6. I would trade the “terrible twos” for the “terrorizing threes” I am living through right now. What happened to my cute, sweet, easy-going kid. But, heck ya, I would go back to being 2 or 3 in a second. Nobody cares what you’re wearing, eating, doing. You can pick your nose and the only person who cares is your mom. You can eat your lunch with your fingers, even if it is spaghetti. You get stickers for using the toilet. And you are so freakin’ cute you can charm a lollipop out of anyone. (Especially that nice guy at the pharmacy.)

  7. This was amazing! As I was reading it, I was 2 again. Of course, that’s the way my husband says I always act!!

  8. AWE! I have a two year old little girl! I am going to look at her in this way instead of a “BE GOOD!” kind of way more often. Once again, you are so full of awesome!!!!! Devan

  9. This was very wise, especially for a Monday morning. Is it Monday… I forget.

    Thanks for seeing the good in this crazy life we’re living, it’s so easy to forget the beauty we’re surrounded with.

    So thank you.

  10. Ahhh… Goose. RIP

    P.S. My daughter is two and totally owns it. A little too much if you ask me.

    • My daughter is the same. She likes to remind me of my vow to love her and serve her until the end of time. When I tell her that she added the indentured servitude part, she just laughs and points to her soiled diaper.

  11. Both of my little dudes are in the terrible two phase. And they are ROCKING. IT. I love this new perspective. I may need to remind myself of this every now and again. Because rumor has it 3 is a whole different ball game.

    Long live the bad parents!

  12. “if we have Goldfish and a few minutes…” Best. line. ever…. My daughter recently turned one. I must admit, I’m kind of looking forward to the “terrible twos”. They sound kind of wild (but maybe in a good way)? Am I totally naive?

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  14. I remember loving the two’s. Mine were sweet, animated, loving little creatures. I swear the day they turned 3 a flip switched and they turned into hellish devil children. Nonsensical tantrums and habitual stubbornness took over our lives. I cherished the moments they were asleep and took a deep breath every morning when I heard the doors to their rooms creak open…here we go. You can do this.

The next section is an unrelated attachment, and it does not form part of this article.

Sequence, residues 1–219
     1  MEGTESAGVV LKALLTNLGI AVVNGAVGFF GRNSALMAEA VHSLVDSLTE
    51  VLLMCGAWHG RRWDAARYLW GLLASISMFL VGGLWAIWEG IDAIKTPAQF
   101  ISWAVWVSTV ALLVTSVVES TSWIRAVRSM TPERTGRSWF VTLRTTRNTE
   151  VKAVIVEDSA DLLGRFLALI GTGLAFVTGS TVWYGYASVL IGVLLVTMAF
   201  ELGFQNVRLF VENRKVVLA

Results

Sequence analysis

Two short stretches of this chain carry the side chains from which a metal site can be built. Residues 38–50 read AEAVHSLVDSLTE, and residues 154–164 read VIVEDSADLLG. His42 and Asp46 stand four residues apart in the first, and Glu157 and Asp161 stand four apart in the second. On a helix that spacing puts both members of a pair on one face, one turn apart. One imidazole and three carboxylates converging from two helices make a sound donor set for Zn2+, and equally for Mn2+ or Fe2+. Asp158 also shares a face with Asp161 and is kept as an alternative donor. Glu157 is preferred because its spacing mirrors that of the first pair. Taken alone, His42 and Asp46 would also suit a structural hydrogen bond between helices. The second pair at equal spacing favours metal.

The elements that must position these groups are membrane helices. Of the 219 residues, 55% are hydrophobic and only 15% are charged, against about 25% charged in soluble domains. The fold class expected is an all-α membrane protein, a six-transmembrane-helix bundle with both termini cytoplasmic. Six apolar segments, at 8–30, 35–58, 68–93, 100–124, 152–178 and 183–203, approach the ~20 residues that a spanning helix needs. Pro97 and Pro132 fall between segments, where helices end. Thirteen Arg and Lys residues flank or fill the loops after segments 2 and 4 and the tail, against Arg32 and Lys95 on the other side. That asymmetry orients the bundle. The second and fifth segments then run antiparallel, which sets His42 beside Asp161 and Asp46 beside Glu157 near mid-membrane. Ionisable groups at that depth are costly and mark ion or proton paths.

The good news is I made it out alive! Mine are 7 and 11 now. We are all still speaking, and I have never (not even once!) been reported to the authorities. Now we’re creeping into the teen years with my oldest, which I’ve heard will make 3 seem like a trip to Disneyland. Wish me luck.

  15. Oh I hope you never stop blogging! I just love your writing, your wit, your willingness to deal with chaos and take it in stride. I think about you so often during the week. I admire the priority you give to writing and I envy your talent.
    Oh, and have i mentioned lately how much I miss you all?
    xo

  16. Loved this spin! Oh how I wish there were blogs when my kids were going through this stage; I would have been able to see the silver lining so much easier.

    And I just love the way this line rolls around in my mind –it just grabbed me — “When the world is your oyster and that bitch better produce a pearl.” Yes!

    Ellen

  17. Love this post! My 23 month old has entered the “terrible twos”. *Gulp.* I seem to have amenesia about my 4 year old going through this stage.
    Love your blog! I am awarding you the Sunshine Award!

    http://michellemossey.blogspot.com/2012/10/the-sunshine-award.html

  18. I love this!

  19. What a great post! Kids are better than grown-ups in so many ways, and you articulated this fact beautifully. You made me simultaneously miss the wild twos and be thankful my kids are older. I’m excited to be your newest follower!

  20. This is so true! I love it. I have always loved the Terrible Twos for the exact reasons you give. It is would be so wonderful to be as confidant as a two year old. Awesome post!

  21. Slow clap giving way to loud, wild applause and hooting. This is fantastic writing.